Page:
CVIndependent

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Last updateFri, 16 Sep 2016 12pm

Features

13 Mar 2017
A thick fog is rolling in over Sunshine Week (March 12-18), the annual event when government transparency advocates raise awareness about the importance of access to public records. We are entering an age when officials at the highest levels seek to discredit critical reporting with “alternative facts,” “fake news” slurs and selective access to press conferences—while making their own claims without providing much in the way to substantiate them. But no matter how much the pundits claim we’re entering a “post-truth” era, it is crucial we defend the idea of proof. Proof is in the bureaucratic paper trails. Proof is in the accounting ledgers, the legal memos, the audits and the police reports. Proof is in the data. When it comes to government actions, that proof is often obtained by leveraging laws like the Freedom of Information Act (FOIA) and state-level public records laws—except when government officials seek to ignore…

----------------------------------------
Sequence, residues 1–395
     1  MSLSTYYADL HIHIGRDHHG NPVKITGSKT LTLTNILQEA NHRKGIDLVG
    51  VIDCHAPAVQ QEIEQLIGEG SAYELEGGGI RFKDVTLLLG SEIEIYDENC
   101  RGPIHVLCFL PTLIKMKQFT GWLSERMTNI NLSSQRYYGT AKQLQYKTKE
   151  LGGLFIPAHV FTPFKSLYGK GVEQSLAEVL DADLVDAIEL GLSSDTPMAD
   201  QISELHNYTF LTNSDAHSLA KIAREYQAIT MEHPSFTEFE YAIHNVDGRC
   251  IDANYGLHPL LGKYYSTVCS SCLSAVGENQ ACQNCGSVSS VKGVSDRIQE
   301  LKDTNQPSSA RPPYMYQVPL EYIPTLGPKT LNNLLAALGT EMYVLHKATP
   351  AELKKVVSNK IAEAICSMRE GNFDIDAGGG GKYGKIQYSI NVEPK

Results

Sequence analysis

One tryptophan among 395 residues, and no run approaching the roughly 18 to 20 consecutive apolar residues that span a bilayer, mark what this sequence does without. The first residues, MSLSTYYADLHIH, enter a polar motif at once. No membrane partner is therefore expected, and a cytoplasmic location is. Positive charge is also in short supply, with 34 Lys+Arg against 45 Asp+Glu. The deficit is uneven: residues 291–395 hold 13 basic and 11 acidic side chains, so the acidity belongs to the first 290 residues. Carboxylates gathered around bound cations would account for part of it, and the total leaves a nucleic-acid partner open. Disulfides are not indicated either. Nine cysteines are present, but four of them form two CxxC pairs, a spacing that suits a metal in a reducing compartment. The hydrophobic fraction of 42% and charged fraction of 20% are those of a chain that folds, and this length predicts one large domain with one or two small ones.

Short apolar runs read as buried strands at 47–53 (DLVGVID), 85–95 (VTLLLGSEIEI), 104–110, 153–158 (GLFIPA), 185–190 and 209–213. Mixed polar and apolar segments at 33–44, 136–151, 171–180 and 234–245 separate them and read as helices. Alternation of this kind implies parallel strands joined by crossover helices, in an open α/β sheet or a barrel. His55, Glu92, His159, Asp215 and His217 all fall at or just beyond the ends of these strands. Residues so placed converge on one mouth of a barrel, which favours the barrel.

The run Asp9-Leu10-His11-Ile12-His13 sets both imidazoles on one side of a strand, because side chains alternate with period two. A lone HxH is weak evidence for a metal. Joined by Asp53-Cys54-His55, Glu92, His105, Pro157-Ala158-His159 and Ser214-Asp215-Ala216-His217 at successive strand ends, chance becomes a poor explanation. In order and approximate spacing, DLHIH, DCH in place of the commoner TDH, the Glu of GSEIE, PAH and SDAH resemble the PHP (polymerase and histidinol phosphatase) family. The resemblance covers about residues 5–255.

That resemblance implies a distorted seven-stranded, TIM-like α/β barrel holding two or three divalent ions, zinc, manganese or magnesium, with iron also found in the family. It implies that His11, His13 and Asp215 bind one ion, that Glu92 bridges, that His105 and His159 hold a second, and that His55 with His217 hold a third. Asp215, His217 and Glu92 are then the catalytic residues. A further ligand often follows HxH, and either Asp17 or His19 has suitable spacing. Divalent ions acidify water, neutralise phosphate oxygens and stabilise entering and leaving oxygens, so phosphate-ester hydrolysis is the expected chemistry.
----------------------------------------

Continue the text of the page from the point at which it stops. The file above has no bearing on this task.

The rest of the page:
23 Feb 2017
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A growing number of young students are eschewing college in favor of vocational or certification programs—and as part of that trend, a new facility in Desert Hot Springs is offering classes that help underprivileged and at-risk men and women take steps toward vocational certification. The slogan of Smooth Transition Inc., located at 13070 Palm Drive, is “Believe, Achieve, Receive.” During a recent phone interview with executive director Robin Goins, she talked about the history of Smooth Transition, which has moved into a space where an alternative high school used to be located near Stater Bros. “We’ve been in Desert Hot Springs providing services for about five years—but on a small scale,” Goins said. “We were working with the Department of Social Services. We started working with the (DHS) Family Resource Center, and we grew into a small class space that was down the road. “Last August, the mayor said they…
16 Feb 2017